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Conventional wisdom held that only a huge stretch of DNA could function as a gene. The discovery of an overlooked genetic entity upends that view. Croce "was stunned." (Greg Ruffing / Redux)

High Hopes for a New Kind of Gene

Scientists believe that microRNA may lead to breakthroughs in diagnosing and treating cancer

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"The evidence is extremely strong right now" that microRNAs play a fundamental role in cancer," says Slack, "and it's getting stronger and stronger every day."

Cancer is not the only disease in which microRNAs are emerging as important players. Studies now suggest that these miniature genes are involved in immune system function, heart disease, schizophrenia, Alzheimer's disease and Tourette's syndrome. Beyond that, there is a long list of diseases that appear to have a genetic basis, but for which no conventional gene has been identified. Thomas Gingeras, a genome researcher at Cold Spring Harbor Laboratory in New York, believes some of these diseases will ultimately be linked to microRNAs. "I think it's undoubtedly going to be the case," he says.

Perhaps that's because the tiny molecules exert so much influence over the rest of the body. Scientists estimate that humans have around 1,000 microRNA genes, which seem to control the activity of at least a quarter of our 25,000 protein-coding genes. "We are astounded by that number and believe it's a minimum," says Nobel laureate Phillip Sharp of M.I.T., in whose laboratory microRNAs are studied.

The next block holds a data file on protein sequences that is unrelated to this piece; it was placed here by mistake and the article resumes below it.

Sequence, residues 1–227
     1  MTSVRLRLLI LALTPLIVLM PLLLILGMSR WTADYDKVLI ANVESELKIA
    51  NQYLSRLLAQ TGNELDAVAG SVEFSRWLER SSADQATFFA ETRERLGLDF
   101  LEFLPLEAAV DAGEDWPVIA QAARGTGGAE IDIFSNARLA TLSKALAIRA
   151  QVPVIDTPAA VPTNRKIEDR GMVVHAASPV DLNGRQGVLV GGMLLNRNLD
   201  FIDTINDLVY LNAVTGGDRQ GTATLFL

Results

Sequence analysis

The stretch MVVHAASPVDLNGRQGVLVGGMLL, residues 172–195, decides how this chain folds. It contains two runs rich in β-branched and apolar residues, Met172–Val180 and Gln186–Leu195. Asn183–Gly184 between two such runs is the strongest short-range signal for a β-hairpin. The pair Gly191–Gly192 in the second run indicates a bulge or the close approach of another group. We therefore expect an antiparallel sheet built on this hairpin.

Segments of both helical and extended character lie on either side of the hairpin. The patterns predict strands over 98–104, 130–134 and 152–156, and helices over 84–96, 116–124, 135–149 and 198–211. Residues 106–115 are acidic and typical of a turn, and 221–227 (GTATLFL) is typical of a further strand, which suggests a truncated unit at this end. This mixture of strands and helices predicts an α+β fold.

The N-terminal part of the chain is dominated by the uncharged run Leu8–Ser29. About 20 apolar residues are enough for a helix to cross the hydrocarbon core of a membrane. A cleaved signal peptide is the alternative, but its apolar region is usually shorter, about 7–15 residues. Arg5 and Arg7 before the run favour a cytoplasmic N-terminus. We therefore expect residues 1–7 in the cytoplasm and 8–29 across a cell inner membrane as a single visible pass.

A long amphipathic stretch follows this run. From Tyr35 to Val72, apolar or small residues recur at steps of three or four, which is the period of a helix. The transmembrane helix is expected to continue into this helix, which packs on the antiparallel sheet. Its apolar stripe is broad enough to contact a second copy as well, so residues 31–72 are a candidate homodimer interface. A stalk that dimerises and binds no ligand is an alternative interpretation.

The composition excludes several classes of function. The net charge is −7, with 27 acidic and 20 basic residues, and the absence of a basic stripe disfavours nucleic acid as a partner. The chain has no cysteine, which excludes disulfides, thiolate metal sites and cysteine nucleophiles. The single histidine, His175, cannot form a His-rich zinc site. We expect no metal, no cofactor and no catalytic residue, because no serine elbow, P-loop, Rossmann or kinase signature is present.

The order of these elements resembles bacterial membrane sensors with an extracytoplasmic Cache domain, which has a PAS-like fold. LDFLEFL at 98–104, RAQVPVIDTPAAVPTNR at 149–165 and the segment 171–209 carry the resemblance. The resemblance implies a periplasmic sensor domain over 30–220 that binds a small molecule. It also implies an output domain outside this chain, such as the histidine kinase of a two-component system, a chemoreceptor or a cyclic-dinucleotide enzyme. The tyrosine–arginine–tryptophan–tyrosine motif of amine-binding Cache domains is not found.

No wonder, then, that some scientists express embarrassment and regret that they failed to find microRNA genes sooner—chiefly because they didn't challenge basic assumptions about genes.

"It wasn't a technological issue," says Joshua Mendell, a microRNA researcher at Johns Hopkins. "The technology that's required to study microRNAs is not different from the technology used for the last couple of decades," he says. "It was more of an intellectual barrier."

Even Croce, for all his success, regrets that he didn't recognize microRNAs earlier. In the late 1980s, his team was pursuing a cancer gene in a stretch of DNA that did not code for any proteins. "So we trashed the project," says Croce. Now he knows that the gene was a microRNA. "Bias," he says, "is a bad, bad thing."

Sylvia Pagán Westphal is a writer living in Boston who specializes in covering genetics, biology and medicine.

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